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Getting Graphic: Extract Maximum Value from the Top to the Bottom of the Stack

10f2b035856eef2b59c02267e3ee9e63?s=47 Jennifer Reif
September 17, 2019

Getting Graphic: Extract Maximum Value from the Top to the Bottom of the Stack

Many of us have a great deal of experience working with traditional relational databases and with so-called NoSQL databases (document stores and key/value pairs) as well. Graph databases provide capabilities we may not have fully leveraged…​yet. Learn how to exploit the power of connected data quickly and powerfully with Spring Boot and Spring Data. Learn how to elevate the relationships among your data to the same level as your data and tap the full power of the stack.

10f2b035856eef2b59c02267e3ee9e63?s=128

Jennifer Reif

September 17, 2019
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Transcript

  1. Getting Graphic: Extract maximum value from the top to the

    bottom of the stack Mark Heckler Spring Developer & Advocate, Pivotal @mkheck Jennifer Reif Developer Relations Engineer, Neo4j @JMHReif
  2. Who is Mark? • Author • Speaker • Architect &

    Developer • Java Champion, J1 Rockstar
  3. Who is Jennifer? • Neo4j Developer Relations Engineer • Continuous

    learner • Conference speaker • Blogger
  4. What we’re building!

  5. Breaking it down… • Spring Boot application served up and

    accessible from localhost
  6. Breaking it down… • Spring Boot application served up and

    accessible from localhost • List of comics based on search for Name
  7. Breaking it down… • Spring Boot application served up and

    accessible from localhost • List of comics based on search for Name • Details of selected comic from list
  8. Breaking it down… • Spring Boot application served up and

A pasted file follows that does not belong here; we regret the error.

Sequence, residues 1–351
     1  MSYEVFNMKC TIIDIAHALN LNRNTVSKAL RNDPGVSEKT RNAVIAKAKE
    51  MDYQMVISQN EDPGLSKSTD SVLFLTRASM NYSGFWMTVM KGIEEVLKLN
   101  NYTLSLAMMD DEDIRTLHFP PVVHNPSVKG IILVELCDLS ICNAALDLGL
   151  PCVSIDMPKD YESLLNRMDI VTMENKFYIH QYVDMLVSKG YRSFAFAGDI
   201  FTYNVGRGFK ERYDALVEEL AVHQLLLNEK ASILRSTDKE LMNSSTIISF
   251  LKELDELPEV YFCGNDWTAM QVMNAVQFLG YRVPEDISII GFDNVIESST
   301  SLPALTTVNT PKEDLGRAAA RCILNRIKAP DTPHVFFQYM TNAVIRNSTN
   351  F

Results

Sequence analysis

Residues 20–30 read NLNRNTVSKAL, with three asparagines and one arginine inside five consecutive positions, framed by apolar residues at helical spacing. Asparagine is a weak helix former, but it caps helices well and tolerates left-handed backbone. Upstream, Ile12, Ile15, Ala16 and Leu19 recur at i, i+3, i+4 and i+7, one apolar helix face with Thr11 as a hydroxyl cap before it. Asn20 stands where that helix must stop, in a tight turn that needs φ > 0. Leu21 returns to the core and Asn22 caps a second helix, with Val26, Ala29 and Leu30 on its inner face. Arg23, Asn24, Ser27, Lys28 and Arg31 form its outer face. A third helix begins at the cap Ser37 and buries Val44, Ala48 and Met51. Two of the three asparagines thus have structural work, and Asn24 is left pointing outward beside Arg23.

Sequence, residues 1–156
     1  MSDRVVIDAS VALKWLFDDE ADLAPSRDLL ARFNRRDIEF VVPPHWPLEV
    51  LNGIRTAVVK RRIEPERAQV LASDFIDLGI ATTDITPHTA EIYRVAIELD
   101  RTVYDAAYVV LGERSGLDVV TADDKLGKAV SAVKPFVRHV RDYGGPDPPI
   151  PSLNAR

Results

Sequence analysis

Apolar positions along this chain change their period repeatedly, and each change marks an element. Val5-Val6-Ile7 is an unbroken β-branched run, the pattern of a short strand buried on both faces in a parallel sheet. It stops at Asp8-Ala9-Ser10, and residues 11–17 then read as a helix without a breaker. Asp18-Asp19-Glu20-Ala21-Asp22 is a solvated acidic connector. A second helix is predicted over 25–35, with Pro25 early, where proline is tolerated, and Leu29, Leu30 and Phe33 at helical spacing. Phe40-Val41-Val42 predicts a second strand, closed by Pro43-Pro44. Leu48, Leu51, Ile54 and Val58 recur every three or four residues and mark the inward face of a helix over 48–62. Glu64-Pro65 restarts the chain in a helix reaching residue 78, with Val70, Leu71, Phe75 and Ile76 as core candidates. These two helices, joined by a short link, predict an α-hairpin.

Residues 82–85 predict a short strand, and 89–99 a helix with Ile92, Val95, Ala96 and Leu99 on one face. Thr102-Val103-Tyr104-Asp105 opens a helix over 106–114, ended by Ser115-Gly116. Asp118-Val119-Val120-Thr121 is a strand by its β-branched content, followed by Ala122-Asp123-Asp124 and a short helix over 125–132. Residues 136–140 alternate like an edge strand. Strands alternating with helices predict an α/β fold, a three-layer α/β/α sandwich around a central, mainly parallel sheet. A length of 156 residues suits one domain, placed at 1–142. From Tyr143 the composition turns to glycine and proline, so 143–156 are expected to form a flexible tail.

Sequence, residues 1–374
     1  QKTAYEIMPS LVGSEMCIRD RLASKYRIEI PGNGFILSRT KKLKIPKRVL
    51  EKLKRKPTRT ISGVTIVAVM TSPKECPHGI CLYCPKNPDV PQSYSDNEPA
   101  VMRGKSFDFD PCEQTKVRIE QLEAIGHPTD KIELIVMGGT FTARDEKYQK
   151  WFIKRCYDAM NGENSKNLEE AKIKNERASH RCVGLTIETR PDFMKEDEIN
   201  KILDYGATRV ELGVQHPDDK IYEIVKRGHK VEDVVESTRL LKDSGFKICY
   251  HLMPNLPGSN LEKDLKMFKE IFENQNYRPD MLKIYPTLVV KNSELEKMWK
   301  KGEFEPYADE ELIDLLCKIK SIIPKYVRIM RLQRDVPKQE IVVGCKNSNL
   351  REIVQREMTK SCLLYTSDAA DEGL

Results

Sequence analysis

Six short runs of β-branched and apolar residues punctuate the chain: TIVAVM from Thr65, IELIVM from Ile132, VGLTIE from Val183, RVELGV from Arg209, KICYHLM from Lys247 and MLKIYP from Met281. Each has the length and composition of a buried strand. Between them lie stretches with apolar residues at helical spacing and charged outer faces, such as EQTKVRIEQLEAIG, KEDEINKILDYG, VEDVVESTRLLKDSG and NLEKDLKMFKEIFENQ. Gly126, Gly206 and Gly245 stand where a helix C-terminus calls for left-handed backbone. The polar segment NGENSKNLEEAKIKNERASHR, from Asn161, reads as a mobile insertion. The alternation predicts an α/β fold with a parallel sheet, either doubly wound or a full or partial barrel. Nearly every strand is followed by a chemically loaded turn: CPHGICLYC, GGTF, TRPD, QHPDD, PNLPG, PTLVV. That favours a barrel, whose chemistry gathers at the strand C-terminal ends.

accessible from localhost • List of comics based on search for Name • Details of selected comic from list • Visualization of data in a graph
  9. What we need: • Accessible from a web browser •

    Pull real-time results from a data store for user search • Retrieve details and connections of an entity to display • Display a connected network of data
  10. What is a graph database?

  11. The world is a graph - everything is connected •

    People, places, events • Technology, networks, devices, apps • Companies, markets, industries • Graphs. Are. Everywhere. :)
  12. Graphs show how data is connected

  13. It’s all about relationships! • A graph database shows how

    entities/objects in our data relate to one another • Property Graph Data Model components: • Nodes • Relationships • Labels • Properties
  14. Game of Thrones Family Tree NASA space satellite data Lord

    of the Rings movies
  15. Project inspiration • Simplicity of Spring, graph data structure of

    Neo4j • Real-world data for Neo4j process • import, querying, analysis • Application-building with Spring Boot • Spring Data’s easy connection to Neo4j (and other dbs) • Create fun webpage for the application for visualization • Thymeleaf templates, d3/Neo4j integration
  16. None
  17. How to load the data • developer.marvel.com • Create an

    account and an API key • Read the docs • Determine the data model • Create Cypher statements • Import all the things!
  18. Data model & choices

  19. None
  20. https://github.com/spring-projects/spring-data-neo4j

  21. Why use Spring? • Full Spring Boot support (obviously!) •

    Spring Initializr • Interface-based repository support • Persistence lifecycle events • Annotation-based OGM for POJOs • Connect to Neo4j with Bolt, HTTP, or embedded
  22. Let’s see some CODE!!!

  23. Helpful Resources • Spring Data Neo4j: https://spring.io/projects/spring-data-neo4j • Neo4j: https://neo4j.com/developer/get-started/

    • Spring (projects, guides, blog): https://spring.io • Source code: https://github.com/HecklerReifCollab/sdn-marvelcomics • Contact: • Twitter/DMs: @mkheck, @JMHReif • Email: mheckler@pivotal.io, jennifer.reif@neo4j.com